The figurative language of Steven Rowley

Reading time: Just over 1 minute

I like to share interesting pieces of figurative language I encounter in my reading. I write today about similes from the American author Steven Rowley…

I was walking by a remainder table in my favourite bookstore when the title of a book grabbed me by the eyeballs and gave me a good shake.

Titled The Editor and written by Steven Rowley, the cover of the book featured a drawing of someone who was clearly Jackie Kennedy Onnasis. “What’s up, here?” I wondered.

What’s up is an utterly delightful novel — set in the early 1990s — about a friendship between a first-time novelist and his editor, Jackie O. In addition to being able to dream up a captivating plot, Rowley also has a terrific ear for figurative language, especially simile. Here are my favourite examples from the book:

  • Miraculously, I get an elevator to myself for four floors, leaving just enough time for me to self-defibrillate before the doors reopen and three chatty coworkers enter the elevator and join me for the rest of the ride to the lobby.
  • The sharp February air enters my lungs and jolts like a shot of ice-cold vodka.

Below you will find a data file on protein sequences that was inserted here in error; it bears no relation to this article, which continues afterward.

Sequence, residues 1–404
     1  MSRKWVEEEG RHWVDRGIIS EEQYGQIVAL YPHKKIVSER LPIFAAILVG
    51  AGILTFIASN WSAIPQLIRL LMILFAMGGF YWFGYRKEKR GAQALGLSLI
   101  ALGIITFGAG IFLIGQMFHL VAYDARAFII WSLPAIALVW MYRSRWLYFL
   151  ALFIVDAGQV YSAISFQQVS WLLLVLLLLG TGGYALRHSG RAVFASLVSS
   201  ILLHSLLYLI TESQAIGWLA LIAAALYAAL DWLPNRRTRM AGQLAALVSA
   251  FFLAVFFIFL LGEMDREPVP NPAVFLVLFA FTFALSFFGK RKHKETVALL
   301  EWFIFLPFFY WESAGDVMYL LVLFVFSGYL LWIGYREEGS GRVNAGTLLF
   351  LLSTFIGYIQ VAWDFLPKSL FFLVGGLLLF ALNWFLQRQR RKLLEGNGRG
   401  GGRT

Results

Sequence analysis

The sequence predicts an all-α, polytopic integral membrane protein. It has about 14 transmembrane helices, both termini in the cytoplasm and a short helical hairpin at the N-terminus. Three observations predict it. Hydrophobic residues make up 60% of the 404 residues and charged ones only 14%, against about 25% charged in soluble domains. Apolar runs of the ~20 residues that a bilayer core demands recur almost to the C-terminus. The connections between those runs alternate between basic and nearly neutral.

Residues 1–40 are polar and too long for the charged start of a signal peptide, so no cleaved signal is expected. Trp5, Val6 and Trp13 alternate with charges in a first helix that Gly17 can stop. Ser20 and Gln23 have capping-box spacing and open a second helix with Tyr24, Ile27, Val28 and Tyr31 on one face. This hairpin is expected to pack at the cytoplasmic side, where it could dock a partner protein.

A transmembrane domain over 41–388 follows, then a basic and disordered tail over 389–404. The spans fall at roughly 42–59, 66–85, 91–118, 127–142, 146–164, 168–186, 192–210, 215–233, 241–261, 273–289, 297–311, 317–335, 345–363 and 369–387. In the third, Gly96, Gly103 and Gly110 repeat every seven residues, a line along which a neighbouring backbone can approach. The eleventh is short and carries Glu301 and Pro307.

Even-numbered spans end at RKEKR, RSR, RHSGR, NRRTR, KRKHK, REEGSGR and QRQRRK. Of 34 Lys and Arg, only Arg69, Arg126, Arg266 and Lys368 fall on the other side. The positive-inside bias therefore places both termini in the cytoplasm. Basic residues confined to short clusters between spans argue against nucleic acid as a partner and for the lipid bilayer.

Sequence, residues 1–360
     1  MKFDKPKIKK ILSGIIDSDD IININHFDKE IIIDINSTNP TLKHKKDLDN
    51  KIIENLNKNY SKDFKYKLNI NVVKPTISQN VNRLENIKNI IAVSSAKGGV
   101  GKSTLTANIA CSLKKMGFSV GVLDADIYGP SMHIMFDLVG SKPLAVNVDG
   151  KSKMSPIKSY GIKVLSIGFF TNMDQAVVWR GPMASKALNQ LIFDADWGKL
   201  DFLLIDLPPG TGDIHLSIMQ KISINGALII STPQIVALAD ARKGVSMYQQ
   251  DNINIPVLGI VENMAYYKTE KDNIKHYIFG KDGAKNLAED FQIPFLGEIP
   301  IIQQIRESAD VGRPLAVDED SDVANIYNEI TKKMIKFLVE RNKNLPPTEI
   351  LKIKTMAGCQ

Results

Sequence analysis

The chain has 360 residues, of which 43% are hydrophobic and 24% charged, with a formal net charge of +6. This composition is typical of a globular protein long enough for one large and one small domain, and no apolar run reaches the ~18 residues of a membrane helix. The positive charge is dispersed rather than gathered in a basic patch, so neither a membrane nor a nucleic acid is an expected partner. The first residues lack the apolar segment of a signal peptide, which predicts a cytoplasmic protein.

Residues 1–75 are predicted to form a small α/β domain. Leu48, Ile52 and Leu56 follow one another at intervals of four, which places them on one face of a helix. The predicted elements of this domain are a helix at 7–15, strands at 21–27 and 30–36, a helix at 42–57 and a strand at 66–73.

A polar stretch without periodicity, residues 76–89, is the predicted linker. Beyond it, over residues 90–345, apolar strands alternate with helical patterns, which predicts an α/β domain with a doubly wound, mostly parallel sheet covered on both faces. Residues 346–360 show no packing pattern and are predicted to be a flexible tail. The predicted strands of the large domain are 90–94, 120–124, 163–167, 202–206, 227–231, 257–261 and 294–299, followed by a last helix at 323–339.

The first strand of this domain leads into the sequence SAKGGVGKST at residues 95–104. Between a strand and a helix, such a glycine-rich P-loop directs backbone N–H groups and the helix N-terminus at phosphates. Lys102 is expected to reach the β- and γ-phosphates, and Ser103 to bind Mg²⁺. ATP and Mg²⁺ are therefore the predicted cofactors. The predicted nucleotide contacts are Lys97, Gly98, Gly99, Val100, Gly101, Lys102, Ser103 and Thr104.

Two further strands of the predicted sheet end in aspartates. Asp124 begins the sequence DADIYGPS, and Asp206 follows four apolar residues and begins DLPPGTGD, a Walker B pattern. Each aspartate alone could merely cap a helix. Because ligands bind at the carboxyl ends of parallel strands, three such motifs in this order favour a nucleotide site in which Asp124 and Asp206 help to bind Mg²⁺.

•  I remember how loved I felt in that singular moment, puppy lashings covering my salty face, both rough and soft like the finest-grained sandpaper from my father’s workshop…
  • The drive is lined with trees and the air is filled with a symphony of chirping insects that sounds like both a concerto and a warning.
  • “Oh my God. You’re famous.” “Well, that’s a word on a sliding scale.”
  • Silence felt like a favorite sweater; it wrapped us in just enough comfort to get us home.
  • I’m doing my best to avoid her until I can deliver, sending just enough notes through Mark to let her know I’m working — like I’m a spy checking in with my handlers while stationed out in the cold.
  • The street stretches like taffy; it actually feels like it gets longer, as if we’re in some carnival funhouse.
  • The trees are bare, rigid skeletons in formation in front of a soft blue sky.
  • The other [person] is hunched like a question mark, like he’s spent a lifetime in the types of folding seats that populate playhouse rows.
  • ….The room is too loud (how can sixty people make the noise of a jet engine picking up speed down a runway?)
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